Document Detail


Don't be a flamin' fool: effectiveness of an adult burn prevention media campaign in two regions in Queensland, Australia--an interventional study.
MedLine Citation:
PMID:  23354265     Owner:  NLM     Status:  MEDLINE    
Abstract/OtherAbstract:
BACKGROUND: Major burn injuries cause devastating physical and psychosocial morbidity, combined with significant health care and community costs. The aim of this study was to evaluate the effectiveness of a targeted burn prevention message on burn safety knowledge and behavior.
METHODS: An 11-year retrospective review of patients admitted to an adult tertiary burn center identified flammable liquid burn injuries in males older than 15 years as 23% of admissions and the most common preventable injury. Burn safety knowledge and experience were measured in a single-blinded, controlled, restricted (male, >15 years), interventional, (therapeutic) prevention study using a total of 2,053 computer-assisted telephone interviews in an intervention region (IR) and control region. A two-week multimedia campaign with the theme "Don't Be a Flamin' Fool" was delivered in the IR.
RESULTS: The preintervention survey revealed that 13% (218 of 1,637) reported having previously had a gasoline (petrol) burn. Following the intervention, there was a higher percentage of respondents in the IR that had seen or heard a burn prevention message in the previous 3 months (51% vs. 10%; p < 0.001) and perceived that gasoline was a danger when used to start a fire (97% vs. 91%; p = 0.001), that any volume of gasoline was unsafe (85% vs. 65%; p < 0.001), and that gasoline can explode (96% vs. 92%; p = 0.001). Awareness and memory reverted to preintervention levels at 12 months. Eighty-three percent of respondents (100 of 120) who had seen the "Flamin' Fool" campaign thought it was effective in getting its message across.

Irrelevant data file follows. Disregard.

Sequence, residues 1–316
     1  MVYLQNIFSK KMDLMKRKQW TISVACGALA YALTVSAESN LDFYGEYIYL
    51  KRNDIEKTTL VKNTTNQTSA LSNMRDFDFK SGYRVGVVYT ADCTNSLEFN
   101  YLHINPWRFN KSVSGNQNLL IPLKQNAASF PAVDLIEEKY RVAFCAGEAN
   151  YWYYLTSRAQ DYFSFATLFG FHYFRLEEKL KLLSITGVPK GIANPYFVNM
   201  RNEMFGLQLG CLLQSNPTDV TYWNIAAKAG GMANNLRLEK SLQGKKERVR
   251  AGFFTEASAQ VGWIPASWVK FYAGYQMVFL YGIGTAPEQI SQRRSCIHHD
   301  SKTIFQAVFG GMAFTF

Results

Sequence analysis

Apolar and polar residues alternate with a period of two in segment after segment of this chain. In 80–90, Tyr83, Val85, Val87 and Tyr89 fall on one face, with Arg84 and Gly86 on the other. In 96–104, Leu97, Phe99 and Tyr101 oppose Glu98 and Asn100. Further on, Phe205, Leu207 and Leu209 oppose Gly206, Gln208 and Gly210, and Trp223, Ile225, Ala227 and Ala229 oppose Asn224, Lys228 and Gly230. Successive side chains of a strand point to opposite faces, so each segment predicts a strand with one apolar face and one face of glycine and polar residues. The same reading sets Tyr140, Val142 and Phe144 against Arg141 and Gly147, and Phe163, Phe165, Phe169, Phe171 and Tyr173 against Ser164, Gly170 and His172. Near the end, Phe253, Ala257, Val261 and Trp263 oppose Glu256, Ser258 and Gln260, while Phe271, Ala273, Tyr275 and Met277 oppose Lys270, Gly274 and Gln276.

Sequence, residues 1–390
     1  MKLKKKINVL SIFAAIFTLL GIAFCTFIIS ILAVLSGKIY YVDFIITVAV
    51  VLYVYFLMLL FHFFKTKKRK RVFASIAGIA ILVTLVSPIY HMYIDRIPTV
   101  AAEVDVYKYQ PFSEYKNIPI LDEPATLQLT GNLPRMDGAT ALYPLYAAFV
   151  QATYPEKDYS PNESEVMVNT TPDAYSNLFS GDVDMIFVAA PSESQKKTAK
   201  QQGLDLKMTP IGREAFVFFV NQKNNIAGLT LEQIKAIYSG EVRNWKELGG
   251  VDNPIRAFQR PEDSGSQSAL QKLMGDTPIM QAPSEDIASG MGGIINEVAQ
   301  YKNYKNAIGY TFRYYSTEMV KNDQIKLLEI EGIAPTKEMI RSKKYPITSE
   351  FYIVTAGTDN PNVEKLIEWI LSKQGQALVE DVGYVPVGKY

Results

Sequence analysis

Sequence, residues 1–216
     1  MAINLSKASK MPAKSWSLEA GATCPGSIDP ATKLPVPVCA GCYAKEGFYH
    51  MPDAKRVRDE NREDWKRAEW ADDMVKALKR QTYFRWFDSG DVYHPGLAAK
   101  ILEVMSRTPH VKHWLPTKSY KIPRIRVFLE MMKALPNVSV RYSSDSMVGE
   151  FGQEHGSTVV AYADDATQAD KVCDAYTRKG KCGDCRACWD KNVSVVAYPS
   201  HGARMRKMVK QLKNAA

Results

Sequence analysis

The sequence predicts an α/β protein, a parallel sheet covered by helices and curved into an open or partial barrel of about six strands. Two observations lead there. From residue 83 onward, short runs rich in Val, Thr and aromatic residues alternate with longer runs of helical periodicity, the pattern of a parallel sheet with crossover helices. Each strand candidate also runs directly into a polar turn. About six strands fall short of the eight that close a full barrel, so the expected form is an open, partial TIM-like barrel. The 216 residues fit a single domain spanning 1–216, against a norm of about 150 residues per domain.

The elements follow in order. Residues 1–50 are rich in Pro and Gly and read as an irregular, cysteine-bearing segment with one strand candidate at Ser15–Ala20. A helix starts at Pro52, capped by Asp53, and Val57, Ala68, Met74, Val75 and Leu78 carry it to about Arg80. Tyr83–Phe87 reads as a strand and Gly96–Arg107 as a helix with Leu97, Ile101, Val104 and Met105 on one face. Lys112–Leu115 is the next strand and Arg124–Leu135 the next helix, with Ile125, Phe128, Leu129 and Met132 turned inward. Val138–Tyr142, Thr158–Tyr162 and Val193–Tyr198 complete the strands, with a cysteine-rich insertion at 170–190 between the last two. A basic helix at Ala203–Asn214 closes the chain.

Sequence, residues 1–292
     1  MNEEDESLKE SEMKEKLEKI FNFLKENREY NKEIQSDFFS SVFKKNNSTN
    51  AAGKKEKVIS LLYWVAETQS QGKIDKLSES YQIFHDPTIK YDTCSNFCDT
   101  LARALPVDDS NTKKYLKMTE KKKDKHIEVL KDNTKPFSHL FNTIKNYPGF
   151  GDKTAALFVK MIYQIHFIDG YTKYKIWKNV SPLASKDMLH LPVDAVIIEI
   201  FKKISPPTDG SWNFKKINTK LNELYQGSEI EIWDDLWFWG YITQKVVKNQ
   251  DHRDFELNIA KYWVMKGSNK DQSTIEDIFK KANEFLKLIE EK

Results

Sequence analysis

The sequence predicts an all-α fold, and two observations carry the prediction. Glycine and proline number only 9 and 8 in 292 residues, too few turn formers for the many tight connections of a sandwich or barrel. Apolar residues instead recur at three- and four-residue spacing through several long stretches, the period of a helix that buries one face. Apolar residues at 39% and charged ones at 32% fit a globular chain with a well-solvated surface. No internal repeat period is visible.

CONCLUSION: This collaborative study found that a media prevention message had a significant impact on burn safety knowledge, which diminished over time.
Authors:
Michael J Muller; Joel M Dulhunty; Jennifer D Paratz; John M Harrison; Bruce R Redman
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Publication Detail:
Type:  Journal Article; Research Support, Non-U.S. Gov't    
Journal Detail:
Title:  The journal of trauma and acute care surgery     Volume:  74     ISSN:  2163-0763     ISO Abbreviation:  J Trauma Acute Care Surg     Publication Date:  2013 Feb 
Date Detail:
Created Date:  2013-01-28     Completed Date:  2013-04-05     Revised Date:  2013-09-25    
Medline Journal Info:
Nlm Unique ID:  101570622     Medline TA:  J Trauma Acute Care Surg     Country:  United States    
Other Details:
Languages:  eng     Pagination:  652-7     Citation Subset:  AIM; IM    
Affiliation:
Professor Stuart Pegg Adult Burn Centre, Royal Brisbane and Women's Hospital, Brisbane, Australia. Michael_Muller@health.qld.gov.au
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MeSH Terms
Descriptor/Qualifier:
Burns / epidemiology,  prevention & control*
Chi-Square Distribution
Fuel Oils
Health Knowledge, Attitudes, Practice
Health Promotion* / methods,  standards
Humans
Male
Mass Media
Middle Aged
Program Evaluation
Queensland / epidemiology
Retrospective Studies
Single-Blind Method
Chemical
Reg. No./Substance:
0/Fuel Oils

From MEDLINE®/PubMed®, a database of the U.S. National Library of Medicine


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